can be identified early and the
University can help the athlete
through treatment and counseling.
Also at the meeting, George
Kennedy, faculty council chairman,
said in his opening remarks that the
council needs to explore ways to
combat cuts in student aid funding.
The council will examine the
feasibility of earmarking some
revenue produced by sports events
for a student aid fund, Kennedy said.
Gillian Cell, dean of the College
of Arts and Sciences and the General
College, delivered a follow-up report
on work to improve writing across
One proposal that may be imple
mented is the creation of a cooper
ative program for freshmen enrolled
in introductory English and history
courses, Cell said.
Instead of writing papers assigned
in history classes and having them
graded by history teachers, students
would write papers on relevant
history topics for English class. The
papers would be graded by English
instructors, Cell said.
The council also heard a report
on the "woefully inadequate and
uncompetitive" state of faculty fringe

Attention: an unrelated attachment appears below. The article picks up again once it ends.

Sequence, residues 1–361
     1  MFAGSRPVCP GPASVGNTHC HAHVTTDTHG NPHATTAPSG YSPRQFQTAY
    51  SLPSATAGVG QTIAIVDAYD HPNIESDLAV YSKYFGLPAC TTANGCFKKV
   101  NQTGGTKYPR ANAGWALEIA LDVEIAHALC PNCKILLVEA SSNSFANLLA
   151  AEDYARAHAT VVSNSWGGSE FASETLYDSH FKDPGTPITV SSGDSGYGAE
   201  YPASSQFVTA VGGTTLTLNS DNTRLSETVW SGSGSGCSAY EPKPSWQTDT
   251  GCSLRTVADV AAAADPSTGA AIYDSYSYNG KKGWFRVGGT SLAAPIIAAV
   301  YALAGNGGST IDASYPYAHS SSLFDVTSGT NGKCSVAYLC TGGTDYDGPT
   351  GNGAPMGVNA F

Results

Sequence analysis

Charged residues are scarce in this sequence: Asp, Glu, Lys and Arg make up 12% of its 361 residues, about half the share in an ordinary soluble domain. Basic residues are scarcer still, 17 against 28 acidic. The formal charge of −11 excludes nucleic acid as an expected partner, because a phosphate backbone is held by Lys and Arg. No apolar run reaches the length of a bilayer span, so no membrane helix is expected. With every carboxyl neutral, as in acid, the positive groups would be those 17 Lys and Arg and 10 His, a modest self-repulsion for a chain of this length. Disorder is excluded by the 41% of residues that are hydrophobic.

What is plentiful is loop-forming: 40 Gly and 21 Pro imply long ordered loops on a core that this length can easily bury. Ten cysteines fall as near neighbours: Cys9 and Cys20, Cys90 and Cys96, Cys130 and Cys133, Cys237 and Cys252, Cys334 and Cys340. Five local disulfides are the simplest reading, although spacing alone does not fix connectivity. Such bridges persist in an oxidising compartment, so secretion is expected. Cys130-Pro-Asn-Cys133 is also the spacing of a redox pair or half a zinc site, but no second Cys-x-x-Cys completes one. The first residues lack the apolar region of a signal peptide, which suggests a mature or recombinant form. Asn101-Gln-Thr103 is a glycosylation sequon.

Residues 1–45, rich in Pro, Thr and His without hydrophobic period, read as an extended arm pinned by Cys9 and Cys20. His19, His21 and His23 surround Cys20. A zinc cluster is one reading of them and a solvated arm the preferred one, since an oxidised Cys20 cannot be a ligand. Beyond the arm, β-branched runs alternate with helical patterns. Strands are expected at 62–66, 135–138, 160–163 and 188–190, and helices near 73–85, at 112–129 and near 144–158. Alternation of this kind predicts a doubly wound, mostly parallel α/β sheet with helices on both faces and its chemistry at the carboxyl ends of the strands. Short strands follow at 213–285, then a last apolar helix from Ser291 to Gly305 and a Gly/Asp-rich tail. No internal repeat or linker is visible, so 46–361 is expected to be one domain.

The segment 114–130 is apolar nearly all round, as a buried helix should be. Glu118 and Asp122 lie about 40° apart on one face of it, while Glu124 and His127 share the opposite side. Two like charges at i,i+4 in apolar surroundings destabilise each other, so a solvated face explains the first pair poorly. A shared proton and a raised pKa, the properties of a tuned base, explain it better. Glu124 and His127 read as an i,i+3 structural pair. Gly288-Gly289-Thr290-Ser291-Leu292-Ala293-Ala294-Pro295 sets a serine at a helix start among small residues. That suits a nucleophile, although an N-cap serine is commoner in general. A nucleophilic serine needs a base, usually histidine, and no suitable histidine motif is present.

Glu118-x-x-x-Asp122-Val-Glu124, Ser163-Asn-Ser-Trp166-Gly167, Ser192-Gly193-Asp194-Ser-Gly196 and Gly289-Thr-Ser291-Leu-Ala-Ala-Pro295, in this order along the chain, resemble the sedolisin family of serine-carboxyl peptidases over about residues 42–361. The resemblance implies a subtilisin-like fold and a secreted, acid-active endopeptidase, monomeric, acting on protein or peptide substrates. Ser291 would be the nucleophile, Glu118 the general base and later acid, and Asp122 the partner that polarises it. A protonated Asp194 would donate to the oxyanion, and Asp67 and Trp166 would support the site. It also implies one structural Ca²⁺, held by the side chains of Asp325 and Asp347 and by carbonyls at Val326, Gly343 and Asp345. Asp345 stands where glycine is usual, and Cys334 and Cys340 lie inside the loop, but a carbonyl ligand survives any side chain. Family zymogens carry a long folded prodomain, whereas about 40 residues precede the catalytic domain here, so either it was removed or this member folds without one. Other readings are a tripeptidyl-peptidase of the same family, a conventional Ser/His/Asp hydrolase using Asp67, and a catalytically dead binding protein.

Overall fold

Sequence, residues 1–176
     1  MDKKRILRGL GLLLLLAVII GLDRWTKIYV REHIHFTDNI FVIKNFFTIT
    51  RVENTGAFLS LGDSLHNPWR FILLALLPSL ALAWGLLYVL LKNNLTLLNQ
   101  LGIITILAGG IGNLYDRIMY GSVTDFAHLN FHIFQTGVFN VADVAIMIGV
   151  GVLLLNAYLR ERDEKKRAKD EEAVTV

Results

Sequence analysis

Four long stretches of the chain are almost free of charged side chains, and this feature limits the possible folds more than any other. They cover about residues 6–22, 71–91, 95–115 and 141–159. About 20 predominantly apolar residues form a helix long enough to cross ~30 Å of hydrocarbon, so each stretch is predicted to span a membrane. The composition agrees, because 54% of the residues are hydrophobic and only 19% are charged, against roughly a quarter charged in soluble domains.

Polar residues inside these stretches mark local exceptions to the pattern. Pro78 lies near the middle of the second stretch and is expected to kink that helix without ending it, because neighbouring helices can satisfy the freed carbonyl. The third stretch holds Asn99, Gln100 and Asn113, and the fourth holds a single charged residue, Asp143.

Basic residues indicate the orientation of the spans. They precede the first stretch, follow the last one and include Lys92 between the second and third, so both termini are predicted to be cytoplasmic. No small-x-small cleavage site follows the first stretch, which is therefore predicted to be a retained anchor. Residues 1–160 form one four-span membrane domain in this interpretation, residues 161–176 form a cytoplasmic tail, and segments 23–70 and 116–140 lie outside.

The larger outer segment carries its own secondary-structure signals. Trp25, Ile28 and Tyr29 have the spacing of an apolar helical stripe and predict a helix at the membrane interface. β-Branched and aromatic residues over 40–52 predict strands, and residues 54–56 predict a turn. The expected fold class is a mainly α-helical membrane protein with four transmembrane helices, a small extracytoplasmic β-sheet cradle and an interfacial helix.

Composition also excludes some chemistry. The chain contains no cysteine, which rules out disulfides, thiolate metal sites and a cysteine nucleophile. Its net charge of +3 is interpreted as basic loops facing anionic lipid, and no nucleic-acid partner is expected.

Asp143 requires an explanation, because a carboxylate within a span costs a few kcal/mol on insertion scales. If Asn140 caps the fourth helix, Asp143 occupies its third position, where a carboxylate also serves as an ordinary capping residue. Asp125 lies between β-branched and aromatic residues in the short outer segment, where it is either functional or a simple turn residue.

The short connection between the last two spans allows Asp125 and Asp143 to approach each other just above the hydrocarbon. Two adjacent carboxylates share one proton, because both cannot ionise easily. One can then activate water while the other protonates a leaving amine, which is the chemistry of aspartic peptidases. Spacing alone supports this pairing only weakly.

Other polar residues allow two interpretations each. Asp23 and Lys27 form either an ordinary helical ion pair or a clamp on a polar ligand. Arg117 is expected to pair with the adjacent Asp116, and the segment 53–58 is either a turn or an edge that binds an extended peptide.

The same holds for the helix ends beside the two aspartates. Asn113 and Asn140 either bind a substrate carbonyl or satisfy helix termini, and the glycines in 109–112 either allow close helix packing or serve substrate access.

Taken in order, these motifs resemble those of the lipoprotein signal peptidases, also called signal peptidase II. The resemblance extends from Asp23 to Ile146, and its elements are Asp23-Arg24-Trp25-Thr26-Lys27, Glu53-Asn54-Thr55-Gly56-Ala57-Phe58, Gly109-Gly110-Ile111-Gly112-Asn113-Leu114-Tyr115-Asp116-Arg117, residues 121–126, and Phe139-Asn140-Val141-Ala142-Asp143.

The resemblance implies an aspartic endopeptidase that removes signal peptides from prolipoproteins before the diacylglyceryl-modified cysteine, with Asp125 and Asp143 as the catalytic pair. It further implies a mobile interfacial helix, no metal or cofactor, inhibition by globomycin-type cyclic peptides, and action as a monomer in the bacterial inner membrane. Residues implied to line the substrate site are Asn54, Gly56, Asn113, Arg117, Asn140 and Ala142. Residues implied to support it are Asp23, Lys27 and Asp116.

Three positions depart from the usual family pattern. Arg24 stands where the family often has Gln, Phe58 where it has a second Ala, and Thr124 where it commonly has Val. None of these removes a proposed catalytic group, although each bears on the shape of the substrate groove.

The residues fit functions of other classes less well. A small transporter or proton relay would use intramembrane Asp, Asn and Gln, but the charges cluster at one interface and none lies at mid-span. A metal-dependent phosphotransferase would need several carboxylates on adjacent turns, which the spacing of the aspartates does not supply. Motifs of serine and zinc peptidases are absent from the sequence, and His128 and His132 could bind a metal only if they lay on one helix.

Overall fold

benefits. According to the report, the
portion of faculty salaries marked
for fringe benefits at UNC 17
percent ranks 12th out of 13
universities in a U.S. Chamber of
See FACULTY page 2
key roles in the budget process, he
said, as well as to state legislators.
The students talked to Sen. Terry
Sanford and all the state represen
tatives except one, Hassel said. They
also spoke to aides of Sen. Jesse
Helms and Rep. Tim Valentine of
the 2nd District.
The discussions between students
and legislators varied according to
the legislators' stance on educational ,
funding, Hassel said.
"For those who were pro-funding,
we asked that they vote for full
funding, not accept a compromise
of a 20 percent cut, instead of the
See LOBBYING page 4